Some of the things that Paul emphasizes are teaching, public reading of the scriptures, using our spiritual gifts such as prophesy, and personal conduct and purity. We can compare those guidelines to Acts 2:42, which gives us four pillars that guided the life of the early church. “And they continued steadfastly in the apostles' doctrine and fellowship, in the breaking of bread, and in prayers.”
When a church neglects the essentials of doctrine, fellowship, teaching the word, spiritual gifts, personal holiness and prayer, it grows weak and ineffective. We’re not about to let that happen here!
In the fifth and final chapter of this letter, Paul turns his attention to the “family” relationships within the church family:
5 Do not sharply rebuke an older man, but rather appeal to him as a father, and to the younger men as brothers, 2 to the older women as mothers, and to the younger women as sisters, in all purity.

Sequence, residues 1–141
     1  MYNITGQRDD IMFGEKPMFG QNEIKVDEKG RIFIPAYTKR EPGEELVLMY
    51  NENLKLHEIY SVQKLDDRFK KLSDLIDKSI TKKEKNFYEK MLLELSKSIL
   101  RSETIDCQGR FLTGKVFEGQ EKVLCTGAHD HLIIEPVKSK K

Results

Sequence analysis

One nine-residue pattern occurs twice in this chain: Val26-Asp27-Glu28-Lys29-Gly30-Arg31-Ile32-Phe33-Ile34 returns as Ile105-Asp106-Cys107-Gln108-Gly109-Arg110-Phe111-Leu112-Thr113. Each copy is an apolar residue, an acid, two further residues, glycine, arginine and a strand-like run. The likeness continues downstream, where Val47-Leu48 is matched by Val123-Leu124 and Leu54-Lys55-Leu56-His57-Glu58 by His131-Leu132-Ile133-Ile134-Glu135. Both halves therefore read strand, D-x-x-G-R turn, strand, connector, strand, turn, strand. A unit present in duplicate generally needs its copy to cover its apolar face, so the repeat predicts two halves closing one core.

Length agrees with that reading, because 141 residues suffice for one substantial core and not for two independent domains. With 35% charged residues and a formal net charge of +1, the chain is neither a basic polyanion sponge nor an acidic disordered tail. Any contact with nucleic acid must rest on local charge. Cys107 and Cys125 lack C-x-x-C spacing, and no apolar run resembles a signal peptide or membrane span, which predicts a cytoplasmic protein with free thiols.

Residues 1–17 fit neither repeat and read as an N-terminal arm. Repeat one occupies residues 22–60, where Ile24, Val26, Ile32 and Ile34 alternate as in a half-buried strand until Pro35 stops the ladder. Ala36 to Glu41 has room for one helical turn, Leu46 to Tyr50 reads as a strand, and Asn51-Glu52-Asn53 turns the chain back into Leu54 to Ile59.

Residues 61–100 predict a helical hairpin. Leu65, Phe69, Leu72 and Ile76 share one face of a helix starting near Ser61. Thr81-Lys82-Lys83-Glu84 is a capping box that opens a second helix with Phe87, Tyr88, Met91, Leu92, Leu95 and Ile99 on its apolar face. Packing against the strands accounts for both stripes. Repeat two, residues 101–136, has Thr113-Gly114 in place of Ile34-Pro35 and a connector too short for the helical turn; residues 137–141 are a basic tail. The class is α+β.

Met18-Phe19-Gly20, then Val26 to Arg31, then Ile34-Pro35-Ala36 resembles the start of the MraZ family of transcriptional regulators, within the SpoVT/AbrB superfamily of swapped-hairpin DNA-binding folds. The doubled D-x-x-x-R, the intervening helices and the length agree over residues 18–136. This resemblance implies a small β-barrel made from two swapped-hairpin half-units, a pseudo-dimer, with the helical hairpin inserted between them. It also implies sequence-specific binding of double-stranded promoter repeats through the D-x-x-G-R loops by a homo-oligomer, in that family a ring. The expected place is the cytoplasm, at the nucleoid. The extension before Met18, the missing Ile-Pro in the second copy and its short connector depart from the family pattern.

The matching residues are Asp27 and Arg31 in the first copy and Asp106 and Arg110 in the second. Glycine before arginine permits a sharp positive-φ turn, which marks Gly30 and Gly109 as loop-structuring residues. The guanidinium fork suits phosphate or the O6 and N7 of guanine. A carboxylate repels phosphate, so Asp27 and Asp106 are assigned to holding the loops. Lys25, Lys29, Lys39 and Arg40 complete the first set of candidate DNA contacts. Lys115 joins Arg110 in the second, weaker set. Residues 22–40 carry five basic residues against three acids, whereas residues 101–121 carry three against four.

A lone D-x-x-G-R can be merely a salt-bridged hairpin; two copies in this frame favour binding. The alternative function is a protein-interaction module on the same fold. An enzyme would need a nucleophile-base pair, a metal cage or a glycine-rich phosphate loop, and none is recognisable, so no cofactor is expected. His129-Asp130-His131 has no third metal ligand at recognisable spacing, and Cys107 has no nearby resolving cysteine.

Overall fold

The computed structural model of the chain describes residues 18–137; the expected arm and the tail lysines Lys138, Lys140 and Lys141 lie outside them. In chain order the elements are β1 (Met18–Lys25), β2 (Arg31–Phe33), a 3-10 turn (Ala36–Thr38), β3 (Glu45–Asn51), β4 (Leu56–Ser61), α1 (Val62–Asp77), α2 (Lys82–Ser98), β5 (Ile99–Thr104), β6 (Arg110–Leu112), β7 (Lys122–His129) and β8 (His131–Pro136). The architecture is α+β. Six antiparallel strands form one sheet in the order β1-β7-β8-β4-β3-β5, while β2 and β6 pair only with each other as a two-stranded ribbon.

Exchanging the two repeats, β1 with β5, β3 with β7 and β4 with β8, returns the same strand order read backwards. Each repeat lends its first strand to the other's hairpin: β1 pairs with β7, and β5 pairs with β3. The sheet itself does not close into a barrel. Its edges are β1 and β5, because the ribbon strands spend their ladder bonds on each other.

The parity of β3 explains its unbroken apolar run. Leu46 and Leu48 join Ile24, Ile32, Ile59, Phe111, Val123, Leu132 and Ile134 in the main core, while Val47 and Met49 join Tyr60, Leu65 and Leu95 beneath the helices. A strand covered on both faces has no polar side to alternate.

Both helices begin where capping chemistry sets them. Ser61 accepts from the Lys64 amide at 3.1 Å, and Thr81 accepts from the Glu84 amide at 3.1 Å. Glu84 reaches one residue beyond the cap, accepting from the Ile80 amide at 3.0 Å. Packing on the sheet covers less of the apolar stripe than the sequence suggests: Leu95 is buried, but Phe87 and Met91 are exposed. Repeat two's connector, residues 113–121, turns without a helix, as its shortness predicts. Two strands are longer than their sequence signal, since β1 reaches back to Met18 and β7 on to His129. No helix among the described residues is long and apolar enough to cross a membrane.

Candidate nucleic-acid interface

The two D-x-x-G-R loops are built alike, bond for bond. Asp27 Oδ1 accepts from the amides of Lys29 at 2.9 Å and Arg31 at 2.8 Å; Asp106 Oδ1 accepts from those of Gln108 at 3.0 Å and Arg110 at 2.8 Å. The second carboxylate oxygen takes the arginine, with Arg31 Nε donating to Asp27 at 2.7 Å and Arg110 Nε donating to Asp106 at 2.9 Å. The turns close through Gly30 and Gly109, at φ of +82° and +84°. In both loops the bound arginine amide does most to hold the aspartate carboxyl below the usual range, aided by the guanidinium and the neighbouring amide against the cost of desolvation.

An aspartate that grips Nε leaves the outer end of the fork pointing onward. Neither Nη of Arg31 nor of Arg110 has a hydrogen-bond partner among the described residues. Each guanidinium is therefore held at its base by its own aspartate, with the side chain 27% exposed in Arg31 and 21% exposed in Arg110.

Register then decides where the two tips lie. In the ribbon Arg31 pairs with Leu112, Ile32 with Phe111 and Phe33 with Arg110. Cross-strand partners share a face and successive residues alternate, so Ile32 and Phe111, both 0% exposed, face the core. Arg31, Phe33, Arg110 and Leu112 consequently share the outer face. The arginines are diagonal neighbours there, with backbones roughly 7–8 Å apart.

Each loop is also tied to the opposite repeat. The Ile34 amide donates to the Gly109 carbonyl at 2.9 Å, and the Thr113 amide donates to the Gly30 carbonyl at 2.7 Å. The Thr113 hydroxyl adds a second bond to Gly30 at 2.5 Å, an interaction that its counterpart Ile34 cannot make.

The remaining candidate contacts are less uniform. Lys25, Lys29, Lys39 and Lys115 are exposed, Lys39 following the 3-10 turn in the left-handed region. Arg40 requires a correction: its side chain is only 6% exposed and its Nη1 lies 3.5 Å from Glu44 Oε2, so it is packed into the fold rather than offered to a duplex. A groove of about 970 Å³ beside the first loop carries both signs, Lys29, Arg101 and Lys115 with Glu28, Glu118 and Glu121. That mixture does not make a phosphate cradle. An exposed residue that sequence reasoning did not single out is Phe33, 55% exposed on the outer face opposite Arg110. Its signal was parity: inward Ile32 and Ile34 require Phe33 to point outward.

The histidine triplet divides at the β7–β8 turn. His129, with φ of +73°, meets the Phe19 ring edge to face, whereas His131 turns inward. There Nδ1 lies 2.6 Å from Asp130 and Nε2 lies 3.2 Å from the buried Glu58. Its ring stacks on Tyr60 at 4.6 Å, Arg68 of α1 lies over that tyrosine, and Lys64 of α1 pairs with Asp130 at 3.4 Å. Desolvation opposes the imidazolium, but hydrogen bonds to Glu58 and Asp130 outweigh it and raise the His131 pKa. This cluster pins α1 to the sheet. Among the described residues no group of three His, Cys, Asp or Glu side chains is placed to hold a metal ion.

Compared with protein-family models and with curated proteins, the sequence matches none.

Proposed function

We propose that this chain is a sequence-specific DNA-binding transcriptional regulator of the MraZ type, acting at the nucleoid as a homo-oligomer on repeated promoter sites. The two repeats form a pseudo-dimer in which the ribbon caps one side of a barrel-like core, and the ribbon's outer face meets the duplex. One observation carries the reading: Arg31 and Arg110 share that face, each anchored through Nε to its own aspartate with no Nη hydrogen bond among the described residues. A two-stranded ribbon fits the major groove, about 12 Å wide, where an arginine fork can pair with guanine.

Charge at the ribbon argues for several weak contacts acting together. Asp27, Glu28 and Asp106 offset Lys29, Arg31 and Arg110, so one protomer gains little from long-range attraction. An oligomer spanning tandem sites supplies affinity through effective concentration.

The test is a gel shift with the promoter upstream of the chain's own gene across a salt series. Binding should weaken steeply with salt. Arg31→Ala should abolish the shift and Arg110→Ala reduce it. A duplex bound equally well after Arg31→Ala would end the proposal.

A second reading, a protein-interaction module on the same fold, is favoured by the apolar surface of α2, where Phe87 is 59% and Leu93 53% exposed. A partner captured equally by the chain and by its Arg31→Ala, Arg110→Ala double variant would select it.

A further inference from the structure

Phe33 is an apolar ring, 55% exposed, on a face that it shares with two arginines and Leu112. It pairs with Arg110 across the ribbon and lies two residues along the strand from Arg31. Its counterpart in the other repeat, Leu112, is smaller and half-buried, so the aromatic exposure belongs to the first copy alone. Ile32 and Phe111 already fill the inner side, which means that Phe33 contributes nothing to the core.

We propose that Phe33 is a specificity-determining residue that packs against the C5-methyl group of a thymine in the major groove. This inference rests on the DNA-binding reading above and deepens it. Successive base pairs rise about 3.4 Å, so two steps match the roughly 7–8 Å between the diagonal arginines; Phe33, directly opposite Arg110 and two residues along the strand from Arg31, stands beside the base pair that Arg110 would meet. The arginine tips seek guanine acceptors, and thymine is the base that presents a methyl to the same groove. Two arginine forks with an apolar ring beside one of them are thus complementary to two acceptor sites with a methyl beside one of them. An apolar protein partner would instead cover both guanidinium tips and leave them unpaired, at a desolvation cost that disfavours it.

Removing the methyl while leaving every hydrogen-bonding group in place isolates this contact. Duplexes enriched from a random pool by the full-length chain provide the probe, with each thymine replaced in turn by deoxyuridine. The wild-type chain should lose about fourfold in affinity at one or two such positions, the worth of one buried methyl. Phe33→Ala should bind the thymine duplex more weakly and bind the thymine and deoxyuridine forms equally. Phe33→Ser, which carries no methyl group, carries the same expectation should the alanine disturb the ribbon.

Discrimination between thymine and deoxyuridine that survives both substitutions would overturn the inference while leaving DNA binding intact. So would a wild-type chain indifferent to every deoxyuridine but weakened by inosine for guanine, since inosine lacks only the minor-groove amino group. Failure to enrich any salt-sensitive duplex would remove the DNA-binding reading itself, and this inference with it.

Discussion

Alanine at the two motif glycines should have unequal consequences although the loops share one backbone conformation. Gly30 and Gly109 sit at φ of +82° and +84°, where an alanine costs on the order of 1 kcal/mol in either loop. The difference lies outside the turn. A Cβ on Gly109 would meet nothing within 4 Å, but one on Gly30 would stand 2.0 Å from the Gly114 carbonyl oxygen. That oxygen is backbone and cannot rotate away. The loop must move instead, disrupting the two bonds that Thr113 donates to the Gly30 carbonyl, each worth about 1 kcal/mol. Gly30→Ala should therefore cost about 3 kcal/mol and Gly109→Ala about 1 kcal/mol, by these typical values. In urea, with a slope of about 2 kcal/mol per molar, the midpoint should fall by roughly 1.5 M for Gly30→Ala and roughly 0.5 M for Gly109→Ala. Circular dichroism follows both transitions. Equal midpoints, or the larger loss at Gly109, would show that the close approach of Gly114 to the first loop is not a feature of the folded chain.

A healthy church should reflect healthy, respectful interpersonal relationships between people of all ages. Children have value, older people have value, men and women all have value in God’s family.
Verses 3-16 are a detailed plan for how to make sure that widows are taken care of, especially those who don’t have any extended family to help them:
3 Honor widows who are actually widows; 4 but if any widow has children or grandchildren, they must first learn to show proper respect for their own family and to give back compensation to their parents; for this is acceptable in the sight of God. 5 Now she who is actually a widow and has been left alone has set her hope on God, and she continues in requests and prayers night and day. 6 But she who indulges herself in luxury is dead, even while she lives. 7 Give these instructions as well, so that they may be above reproach. 8 But if anyone does not provide for his own, and especially for those of his household, he has denied the faith and is worse than an unbeliever.